Baxter - Houston-Packer Collection BX5200 .B352 1835 v1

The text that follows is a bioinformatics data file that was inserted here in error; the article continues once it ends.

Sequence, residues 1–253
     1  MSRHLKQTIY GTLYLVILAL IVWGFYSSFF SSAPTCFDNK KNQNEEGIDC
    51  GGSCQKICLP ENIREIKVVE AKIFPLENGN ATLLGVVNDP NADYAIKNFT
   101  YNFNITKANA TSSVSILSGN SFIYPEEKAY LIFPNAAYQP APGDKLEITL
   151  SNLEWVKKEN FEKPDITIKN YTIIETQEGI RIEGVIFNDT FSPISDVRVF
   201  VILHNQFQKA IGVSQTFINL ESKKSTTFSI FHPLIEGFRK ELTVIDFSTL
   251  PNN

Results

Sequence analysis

LIFE OF RICHARD BAXTER. 151 house at Whitburne, and thought to make a betterbargain with me thanwith another, and, therefore, finding that the lord chancellor intended me the offer of one, .he desired it might be that. I thought it best to give them no positive denial till I saw the utmost of their intents : and I perceived that Colonel Birch came privately, that a bishopric might not be publicly refused, and to try whether I wouldaccept it, that else it might not be offered me; for he told me that theywould not bear such a repulse. I told him that I was resolved never to be bishop of Hereford, and that I did not think I should ever see cause to take any bishopric ; but I could give no positive answer till I saw the king's resolutions about the way of church government; for if the old diocesan frame continued, he knew we could never accept or own it. After this, not having a flat denial, he came again and 'again to Dr. Reynolds, Mr. Calamy, and myself together, to importune us all to accept the offer, for the bishopric of Norwichwas offered to Dr. Reynolds, and Coventry and Litchfield to Mr. Calamy ; but he had no positive answer, but the same from me as before. At last, the day that the king's dec- laration came out, when I was with the lord chancellor, who did all, he asked me whether I would accept of abishopric. I told him that if he had asked me that question the day before, I could easily have answered him that in conscience I could not do it ; for, though I would live peaceably under whatever government the king should set up, I could not have 'a. hand in executing it. But having, as coming to him; seen the king's declaration, and seeing that by it the government is so far altered as it is, I took myself for the church's sake exceedingly beholden to his lordship for those mode- rations ; and my desire to promote the happiness of the church, which that moderation tendeth to, did make me resolve to take that . course which tendeth most thereto. Whether to take a bishopric be the way, I was in doubt, and desired some further time for con- sideration. But if his lordship would procure us the settlement of the matter of that declaration, by passing it into a law, I promised him to take that way in which I might most serve thepublic peace. "Dr. Reynolds, Mr. Calamy, and myself, had some speeches oft together about it ; and we all thought'that a bishopric might be accepted according to thedescription of thedeclaration, without any violation of the covenant; or owningthe ancient prelacy ; but all the doubt was whether this declaration would be made a law, as was then expected, or whether it were but a temporary means to draw us on till we came up to all the diocesans desired. Mr. Calamy desired that we might all go together, and all refuse or all accept it. "But by this time the rumor of it fled abroad, and the voice of the city made a difference. For though they wished that none of